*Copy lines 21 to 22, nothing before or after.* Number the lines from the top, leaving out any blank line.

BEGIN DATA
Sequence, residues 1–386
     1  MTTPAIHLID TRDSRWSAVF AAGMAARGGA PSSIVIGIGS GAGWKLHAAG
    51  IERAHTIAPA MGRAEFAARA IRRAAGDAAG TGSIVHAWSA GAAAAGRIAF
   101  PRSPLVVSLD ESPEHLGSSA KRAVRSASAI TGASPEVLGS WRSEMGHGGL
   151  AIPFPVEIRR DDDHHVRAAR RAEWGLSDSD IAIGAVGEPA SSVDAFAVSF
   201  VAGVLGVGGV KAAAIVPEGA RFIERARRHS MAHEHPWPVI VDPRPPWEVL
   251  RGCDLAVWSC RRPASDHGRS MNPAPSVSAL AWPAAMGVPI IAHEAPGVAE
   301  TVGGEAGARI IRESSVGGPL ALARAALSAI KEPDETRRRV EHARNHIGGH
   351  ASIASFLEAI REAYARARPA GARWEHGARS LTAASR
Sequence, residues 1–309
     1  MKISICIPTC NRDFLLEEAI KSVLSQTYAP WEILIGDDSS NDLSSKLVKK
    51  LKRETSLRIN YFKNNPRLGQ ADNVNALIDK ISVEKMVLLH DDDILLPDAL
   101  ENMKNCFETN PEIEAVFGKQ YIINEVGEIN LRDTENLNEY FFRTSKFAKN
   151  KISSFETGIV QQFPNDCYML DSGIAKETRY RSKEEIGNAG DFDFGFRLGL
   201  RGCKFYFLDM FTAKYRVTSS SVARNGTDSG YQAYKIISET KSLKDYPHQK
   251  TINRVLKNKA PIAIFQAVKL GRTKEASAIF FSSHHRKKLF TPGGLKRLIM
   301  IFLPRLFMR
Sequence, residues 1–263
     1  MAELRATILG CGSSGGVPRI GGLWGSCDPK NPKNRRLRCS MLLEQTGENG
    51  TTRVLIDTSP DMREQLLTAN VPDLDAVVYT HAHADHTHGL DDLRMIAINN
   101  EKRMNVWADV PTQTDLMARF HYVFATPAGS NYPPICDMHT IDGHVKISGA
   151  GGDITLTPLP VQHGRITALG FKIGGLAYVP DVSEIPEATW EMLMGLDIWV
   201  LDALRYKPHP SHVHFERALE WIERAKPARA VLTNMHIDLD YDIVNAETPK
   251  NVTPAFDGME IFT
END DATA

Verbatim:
   101  EKRMNVWADV PTQTDLMARF HYVFATPAGS NYPPICDMHT IDGHVKISGA
   151  GGDITLTPLP VQHGRITALG FKIGGLAYVP DVSEIPEATW EMLMGLDIWV